A crossline scan was performed to obtain high-quality images of the retina and choroid. Choroidal thickness was measured manually using the built-in calipers in OCT software. Choroidal thickness, defined as the distance between the hyperreflective line corresponding to the outer boundary of the RPE and the hyperreflective line corresponding to the chorioscleral interface, was measured three times by two independent researchers. Mean values were recorded and included in the analysis. The measurements were obtained in the subfoveal region and at a distance of 1500 μm superiorly, inferiorly, nasally, and temporally from this site. All measurements were performed at the same time of the day (between 9:00 am and 11:00 am) in all children to avoid the effect of diurnal CT variation on the results. Only measurements from right eyes of both subjects and controls were included in the analysis.

3. Statistical Analysis

The variables were expressed as means, standard deviations, 95% confidence intervals, and ranges. The one-way multifactor analysis of variance (ANOVA) was used to determine the differences between patients and controls, if the assumptions of normality of distribution and homogeneity of variances were met, or generalized linear models with robust standard errors, when said assumptions were violated. Linear relationships between selected quantitative variables were assessed using the Pearson product-moment correlation coefficient. Glass’s Δ traditionally estimated for experimental case-control studies using a control group standard deviation rather than a pooled standard deviation was used as a measure of effect size [29]. A standard deviation from the nondiabetic group was chosen due to its lower variability and better stability. A level of was considered statistically significant for all comparisons. All statistical computations were carried out using Stata/Special Edition, release 14.2 (StataCorp LP, College Station, Texas, USA).

4. Results

Sixty-four right eyes of 64 subjects with T1D and 45 right eyes of 45 age-matched healthy volunteers (controls) were enrolled in this study. The mean age in the study group was 15.3 (±SD = 2.2) years and in the control group 14.6 (±SD = 1.5) years. All subjects had 20/20 vision and normal colour fundus photographs. The in-depth descriptive characteristics of the entire cohort are shown in Table 1.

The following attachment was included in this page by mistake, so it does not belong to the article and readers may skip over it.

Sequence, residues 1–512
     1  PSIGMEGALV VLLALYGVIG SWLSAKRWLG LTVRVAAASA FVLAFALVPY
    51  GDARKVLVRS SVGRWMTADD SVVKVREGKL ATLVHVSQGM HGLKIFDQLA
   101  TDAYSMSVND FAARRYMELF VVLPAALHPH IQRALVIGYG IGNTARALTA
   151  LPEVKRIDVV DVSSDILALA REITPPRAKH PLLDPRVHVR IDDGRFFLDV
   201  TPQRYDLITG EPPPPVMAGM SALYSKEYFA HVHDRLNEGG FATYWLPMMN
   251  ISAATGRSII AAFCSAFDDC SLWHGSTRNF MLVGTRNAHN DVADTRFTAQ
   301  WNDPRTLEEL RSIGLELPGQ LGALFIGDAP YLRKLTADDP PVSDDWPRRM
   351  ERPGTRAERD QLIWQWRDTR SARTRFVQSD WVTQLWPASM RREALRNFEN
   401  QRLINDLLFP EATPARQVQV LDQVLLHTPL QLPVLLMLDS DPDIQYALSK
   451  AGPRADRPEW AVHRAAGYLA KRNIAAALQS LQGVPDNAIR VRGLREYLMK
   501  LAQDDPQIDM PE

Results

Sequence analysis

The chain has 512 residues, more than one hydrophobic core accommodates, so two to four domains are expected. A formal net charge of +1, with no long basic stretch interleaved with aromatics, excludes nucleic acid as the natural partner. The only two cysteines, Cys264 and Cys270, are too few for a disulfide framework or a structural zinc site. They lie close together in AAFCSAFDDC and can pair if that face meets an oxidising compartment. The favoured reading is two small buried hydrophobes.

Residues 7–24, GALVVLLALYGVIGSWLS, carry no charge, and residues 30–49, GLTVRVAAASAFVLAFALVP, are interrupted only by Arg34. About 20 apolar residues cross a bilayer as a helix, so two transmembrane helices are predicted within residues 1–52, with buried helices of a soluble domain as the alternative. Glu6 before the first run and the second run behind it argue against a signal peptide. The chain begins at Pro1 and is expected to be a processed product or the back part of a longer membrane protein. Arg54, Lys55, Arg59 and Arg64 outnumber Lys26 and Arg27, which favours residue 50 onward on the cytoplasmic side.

Table 1: Study sample characteristics.

Table 2 shows descriptive measures of the choroidal thickness (μm) in the studied patients by presence of T1D. CT in the fovea and nasal, temporal, superior, and inferior quadrants of the macula did not differ statistically between the study groups: , , , , and , respectively.

Table 2: Descriptive statistics for choroidal thickness (CT, μm) in individual retinal quadrants (diabetic patients versus nondiabetic).

However, regardless of the prevalence of T1D in the studied children, the CT was significantly thicker in girls than in boys, except for the superior quadrant Figure 3.

Figure 3: Central tendency and dispersion for the choroidal thickness (μm) in selected retinal quadrants in the study sample by T1D status and gender.

There were no significant correlations between CT, duration of diabetes, and HbA1C level (, and , , resp.).

GCC thickness did not differ significantly between the groups (), but there was a significant difference between FLV () (Table 3).